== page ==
Spyhopping with whales
One of life’s great adventures is to be sailing out on the ocean and have an encounter with the largest creature on earth. Visitors to Morro Bay, Tammy and Phil from the Central Valley, elected to go on a whale-watching trip. The boat left Morro Bay harbor in the morning and they enjoyed sunny skies and calm seas. They were greeted by dolphins who flashed through the water off the bow. “We were excited to at least see one whale,” Tammy said. The Captain cut the motor. It got quiet. Suddenly it happened. The silence was broken by a huge sigh and a fountain of spray as an enormous whale broke the surface not 20 away. It was a blue whale.
Sightings of blue whales are increasing although they are still the most elusive of the whale species. Blue whales can grow to 100 feet and weigh about 150 tons. Even calves are large measuring up to 25 feet at birth. A blue whale’s heart is about the size of a small Volkswagen. They are the largest animal known to man on earth, past or present. These are baleen whales, have no teeth, and feed on huge amounts of krill. They are mostly seen around the Farallon Islands off the San Francisco coast but there are sightings of them as they travel through local waters.
Patriot Sportfishing operates out of Morro Bay Landing offering a great whale watching experience all year long. The captain and crew are skilled at tracking down sea life including gray whales, blue whales, humpback whales, finback whales, Orcas, dolphins, sea lions, sea otters and a variety of seabirds. On a two-hour excursion, people are usually bound to see at least one whale although there is never a guarantee.
Sub Sea Tours located near Marina Square offers whale watching with two vessels, The Dos Osos catamaran and their newest boat the Freedom. “The benefit of the Dos Osos is that it is an open boat so people can see all around,” explained Captain and owner, Kevin Winfield.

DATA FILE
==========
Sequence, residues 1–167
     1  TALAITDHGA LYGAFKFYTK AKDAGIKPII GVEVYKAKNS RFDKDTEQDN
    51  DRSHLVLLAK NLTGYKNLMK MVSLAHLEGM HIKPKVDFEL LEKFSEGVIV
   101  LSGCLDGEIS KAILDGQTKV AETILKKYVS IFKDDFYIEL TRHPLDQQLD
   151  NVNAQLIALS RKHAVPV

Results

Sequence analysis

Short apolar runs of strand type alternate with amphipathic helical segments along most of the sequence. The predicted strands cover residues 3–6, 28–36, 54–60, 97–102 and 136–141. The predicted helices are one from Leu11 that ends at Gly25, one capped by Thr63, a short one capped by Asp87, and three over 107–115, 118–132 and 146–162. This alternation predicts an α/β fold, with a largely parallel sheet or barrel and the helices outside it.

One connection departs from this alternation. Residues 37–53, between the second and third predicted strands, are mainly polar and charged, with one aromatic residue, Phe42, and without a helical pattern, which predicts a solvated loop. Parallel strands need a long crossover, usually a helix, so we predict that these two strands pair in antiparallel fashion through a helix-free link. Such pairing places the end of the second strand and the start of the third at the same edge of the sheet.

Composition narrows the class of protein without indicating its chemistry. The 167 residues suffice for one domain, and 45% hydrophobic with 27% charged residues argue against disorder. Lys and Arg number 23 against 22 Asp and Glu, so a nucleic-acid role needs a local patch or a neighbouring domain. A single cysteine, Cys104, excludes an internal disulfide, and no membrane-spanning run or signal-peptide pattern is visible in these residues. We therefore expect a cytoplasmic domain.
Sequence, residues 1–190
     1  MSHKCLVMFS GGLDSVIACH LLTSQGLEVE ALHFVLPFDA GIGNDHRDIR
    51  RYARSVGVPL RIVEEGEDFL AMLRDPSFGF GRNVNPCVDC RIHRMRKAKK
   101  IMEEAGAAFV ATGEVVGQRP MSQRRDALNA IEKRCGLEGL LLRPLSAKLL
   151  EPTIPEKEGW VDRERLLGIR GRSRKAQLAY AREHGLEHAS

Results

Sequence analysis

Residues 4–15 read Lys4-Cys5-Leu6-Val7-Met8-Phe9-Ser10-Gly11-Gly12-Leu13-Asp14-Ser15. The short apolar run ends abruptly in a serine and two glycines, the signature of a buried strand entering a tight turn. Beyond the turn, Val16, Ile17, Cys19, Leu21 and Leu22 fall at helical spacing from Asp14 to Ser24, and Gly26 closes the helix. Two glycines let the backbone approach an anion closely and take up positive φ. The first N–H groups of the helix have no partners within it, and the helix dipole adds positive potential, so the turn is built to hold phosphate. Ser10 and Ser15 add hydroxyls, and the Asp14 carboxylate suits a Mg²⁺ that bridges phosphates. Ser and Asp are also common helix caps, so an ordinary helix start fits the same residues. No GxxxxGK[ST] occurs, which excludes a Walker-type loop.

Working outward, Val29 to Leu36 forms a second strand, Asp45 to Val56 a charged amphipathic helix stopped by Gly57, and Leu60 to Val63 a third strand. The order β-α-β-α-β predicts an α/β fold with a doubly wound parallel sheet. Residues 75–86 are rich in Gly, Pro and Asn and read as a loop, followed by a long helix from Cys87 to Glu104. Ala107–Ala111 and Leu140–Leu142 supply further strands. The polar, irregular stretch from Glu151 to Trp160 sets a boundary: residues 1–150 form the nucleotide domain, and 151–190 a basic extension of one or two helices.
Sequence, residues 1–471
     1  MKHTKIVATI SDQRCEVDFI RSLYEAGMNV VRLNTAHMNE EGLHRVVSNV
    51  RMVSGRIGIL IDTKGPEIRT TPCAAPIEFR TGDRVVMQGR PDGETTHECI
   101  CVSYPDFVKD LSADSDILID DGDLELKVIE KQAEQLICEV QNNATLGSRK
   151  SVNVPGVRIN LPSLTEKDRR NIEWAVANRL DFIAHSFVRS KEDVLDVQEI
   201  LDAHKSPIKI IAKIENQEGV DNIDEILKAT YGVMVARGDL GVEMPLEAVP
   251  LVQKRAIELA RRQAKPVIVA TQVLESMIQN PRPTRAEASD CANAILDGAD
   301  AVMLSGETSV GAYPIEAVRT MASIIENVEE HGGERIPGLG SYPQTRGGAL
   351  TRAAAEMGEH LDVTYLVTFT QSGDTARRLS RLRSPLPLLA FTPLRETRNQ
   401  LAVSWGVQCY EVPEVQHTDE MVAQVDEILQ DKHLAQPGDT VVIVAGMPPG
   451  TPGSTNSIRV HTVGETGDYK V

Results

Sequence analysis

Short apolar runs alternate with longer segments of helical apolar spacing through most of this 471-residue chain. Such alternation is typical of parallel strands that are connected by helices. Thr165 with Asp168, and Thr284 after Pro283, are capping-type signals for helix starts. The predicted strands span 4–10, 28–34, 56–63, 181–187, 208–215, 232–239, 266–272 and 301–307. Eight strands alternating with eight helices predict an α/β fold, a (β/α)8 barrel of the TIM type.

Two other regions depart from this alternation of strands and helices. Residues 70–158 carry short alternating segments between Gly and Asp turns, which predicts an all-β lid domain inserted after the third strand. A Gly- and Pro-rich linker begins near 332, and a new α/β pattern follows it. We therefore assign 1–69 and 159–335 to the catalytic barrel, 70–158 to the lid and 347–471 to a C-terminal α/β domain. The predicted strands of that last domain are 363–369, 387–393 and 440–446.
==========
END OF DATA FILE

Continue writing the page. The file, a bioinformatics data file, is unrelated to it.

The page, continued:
Whales can be seen all year but there are also distinct seasons. Twice a year gray whales travel up and down the west coast. Their migration route is from their summer feeding grounds in the Arctic to winter breeding lagoons in Baja, California. They’ve been doing this for thousands of years. Scientists have not yet figured out how new generations learn the way nor how they navigate the route without error. Gray whales are baleen whales and reach up to 50 feet and weigh about 40 tons. Females are larger than males. They have an average lifespan of 40 years. They are slate gray in color and are mottled with white pigmentation and barnacle scars.
Winfield said he runs daily whale watching trips during the summer months with winter trips varying due to weather. Gray whale southward migration begins in October and lasts through February. They return going north from February through July with females and newborn and the young are often the prey of killer whales. Some trips have folks able to reach out over the boat and scratch the hide of a gray whale as they appear to be either friendly or curious.
Virg’s Sportfishing also operates whale watching and nature tours out of Morro Bay beginning in January and continuing through April. Gray whales and humpbacks are the delights of these trips.
Humpback whales are distinctive due to their long, narrow, scalloped flippers which they use to slap the water. They grow to 50 feet in length and have a thick body. There is a small dorsal fin well back on the body. As they progress through the water the top part of their body becomes visible and appears in a hump-like shape.
Probably the whale that causes the most excitement for tour-goers, the humpback likes to project itself up from the water with one-third of their body visible. This tactic is called spyhopping and no one knows for sure why they do it. Humpbacks also leap up and fully throw themselves out of the water and come splashing down. Called breaching, it is one of the best spectacles in nature. “This is why we come here to go whale watching,” a visiting tourist exclaimed, “where else can you see so much wildlife?”
–By Ruth Ann Angus